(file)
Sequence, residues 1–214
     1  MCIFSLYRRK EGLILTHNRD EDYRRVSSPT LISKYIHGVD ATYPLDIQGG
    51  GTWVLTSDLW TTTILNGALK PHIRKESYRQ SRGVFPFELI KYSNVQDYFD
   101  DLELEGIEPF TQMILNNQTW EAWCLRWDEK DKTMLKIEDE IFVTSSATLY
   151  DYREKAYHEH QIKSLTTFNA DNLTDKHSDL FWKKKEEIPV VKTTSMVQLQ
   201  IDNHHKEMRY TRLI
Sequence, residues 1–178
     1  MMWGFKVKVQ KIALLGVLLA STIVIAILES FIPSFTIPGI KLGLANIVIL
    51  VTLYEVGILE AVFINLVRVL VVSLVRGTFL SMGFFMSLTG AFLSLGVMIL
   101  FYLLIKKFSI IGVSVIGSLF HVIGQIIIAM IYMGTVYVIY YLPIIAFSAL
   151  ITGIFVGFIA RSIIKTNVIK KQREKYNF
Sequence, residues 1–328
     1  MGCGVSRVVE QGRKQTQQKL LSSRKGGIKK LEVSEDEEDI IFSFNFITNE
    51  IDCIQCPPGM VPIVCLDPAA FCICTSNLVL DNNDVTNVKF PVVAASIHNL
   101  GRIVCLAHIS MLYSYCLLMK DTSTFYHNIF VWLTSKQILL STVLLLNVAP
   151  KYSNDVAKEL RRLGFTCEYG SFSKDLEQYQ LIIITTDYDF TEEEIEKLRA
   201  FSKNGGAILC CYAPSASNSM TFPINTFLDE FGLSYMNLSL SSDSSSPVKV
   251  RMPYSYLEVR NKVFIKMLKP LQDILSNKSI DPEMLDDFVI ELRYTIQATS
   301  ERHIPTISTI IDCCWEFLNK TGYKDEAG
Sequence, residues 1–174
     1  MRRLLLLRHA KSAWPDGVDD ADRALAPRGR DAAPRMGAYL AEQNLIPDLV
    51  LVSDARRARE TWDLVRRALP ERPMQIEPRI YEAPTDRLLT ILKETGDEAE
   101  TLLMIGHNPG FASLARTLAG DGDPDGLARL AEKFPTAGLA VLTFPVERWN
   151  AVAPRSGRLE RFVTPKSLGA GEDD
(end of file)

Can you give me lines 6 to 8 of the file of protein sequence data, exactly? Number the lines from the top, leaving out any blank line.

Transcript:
   201  IDNHHKEMRY TRLI
Sequence, residues 1–178
     1  MMWGFKVKVQ KIALLGVLLA STIVIAILES FIPSFTIPGI KLGLANIVIL